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London - For many of us, there’s nothing quite like a nice juicy burger.
But new research suggests it could be bad for the heart – particularly if you have diabetes.
Scientists at the University of Illinois say cooking methods that create a crust – the crispy borders of meats prepared at very high temperatures – produce proteins called advanced glycation end products (AGEs).
These are associated with plaque formation in the arteries, which hardens them and increases the risk of a heart attack.
More traditional cooking methods, such as boiling or stewing meat, did not carry the risk.
The worry is that diabetics are already at an increased risk of heart disease because it accelerates the damage of the blood vessels in our body, especially the heart.
It also accelerates the formation of plaque, causing the arteries to narrow.
Heart disease and stroke are the top causes of death and disability among type two diabetics. At least 65 percent of them die from some form of heart disease or stroke.
“Diabetics have been advised for years to bake, broil, or grill their food instead of frying it,” said lead researcher Karen Chapman-Novakofski, a professor of nutrition.
“That’s still true, but if you have diabetes, you should know that AGEs – by-products of food preparation methods that feature very high, intense, dry heat – tend to end up on other tissues in the body, causing long-term damage.”
“AGEs are higher in any kind of meat, but especially in ground meat,” she added.
“If you put hamburgers on the grill, you’ll likely have a higher AGEs content than if you chose a whole cut of meat, say round steak or chicken.”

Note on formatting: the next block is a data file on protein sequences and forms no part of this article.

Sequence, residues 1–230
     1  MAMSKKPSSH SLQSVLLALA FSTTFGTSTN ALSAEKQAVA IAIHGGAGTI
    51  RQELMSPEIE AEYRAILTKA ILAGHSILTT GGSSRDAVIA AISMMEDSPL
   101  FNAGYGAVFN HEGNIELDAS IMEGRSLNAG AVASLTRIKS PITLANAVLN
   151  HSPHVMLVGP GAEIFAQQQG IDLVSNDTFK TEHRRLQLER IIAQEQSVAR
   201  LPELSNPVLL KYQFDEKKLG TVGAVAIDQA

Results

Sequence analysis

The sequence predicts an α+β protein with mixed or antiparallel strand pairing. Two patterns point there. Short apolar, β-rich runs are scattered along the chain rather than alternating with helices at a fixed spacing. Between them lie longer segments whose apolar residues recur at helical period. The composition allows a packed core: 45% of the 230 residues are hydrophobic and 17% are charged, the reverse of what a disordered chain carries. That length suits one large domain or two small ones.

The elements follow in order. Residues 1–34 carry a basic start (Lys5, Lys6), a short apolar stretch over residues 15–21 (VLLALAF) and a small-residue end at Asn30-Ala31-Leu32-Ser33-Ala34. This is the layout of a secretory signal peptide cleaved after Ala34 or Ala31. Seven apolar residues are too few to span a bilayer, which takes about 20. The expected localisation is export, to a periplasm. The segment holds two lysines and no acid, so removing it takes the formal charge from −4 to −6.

If you’re fighting this build-up of plaque anyway, consuming products containing AGEs could worsen the cardiovascular complications of diabetes.
In the study, the scientists compared the 10-day food intake of 65 study participants.
They found that people with higher rates of cardiovascular complications ate more of these glycated products. For each unit increase in AGEs intake, a study participant was 3.7 times more likely to have moderate to high risk for cardiovascular disease.
Eating less saturated fat and more fruits, vegetables, and fibre is important for people with diabetes, but this study shows that food preparation may be important too, added professor Chapman-Novakofski.
Boiling or stewing meat would reduce your AGEs intake further. And scrambling an egg with cooking spray instead of frying it led to a significant reduction in AGEs, she said.
However, more research is needed before definite recommendations can be made. Professor Chapman-Novakofski and her colleagues are planning another study in which they will examine past AGEs intake of diabetes patients.
“These findings are preliminary, but they give us ample reason to further explore the association between AGEs and cardiovascular risk among people with diabetes.”
The study is published online in the International Journal of Food Science and Nutrition. – Daily Mail